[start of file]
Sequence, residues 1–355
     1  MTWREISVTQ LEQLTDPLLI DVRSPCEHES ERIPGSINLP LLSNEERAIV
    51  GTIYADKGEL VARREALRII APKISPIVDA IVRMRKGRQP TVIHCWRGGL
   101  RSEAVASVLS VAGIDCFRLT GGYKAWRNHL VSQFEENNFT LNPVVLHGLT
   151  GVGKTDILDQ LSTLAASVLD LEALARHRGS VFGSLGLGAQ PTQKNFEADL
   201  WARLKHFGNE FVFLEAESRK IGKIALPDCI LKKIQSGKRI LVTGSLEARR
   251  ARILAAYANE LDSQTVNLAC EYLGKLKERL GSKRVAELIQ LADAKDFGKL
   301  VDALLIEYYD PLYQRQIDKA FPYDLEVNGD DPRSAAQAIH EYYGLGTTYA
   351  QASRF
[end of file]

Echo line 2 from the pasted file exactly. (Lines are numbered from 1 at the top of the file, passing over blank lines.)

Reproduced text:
     1  MTWREISVTQ LEQLTDPLLI DVRSPCEHES ERIPGSINLP LLSNEERAIV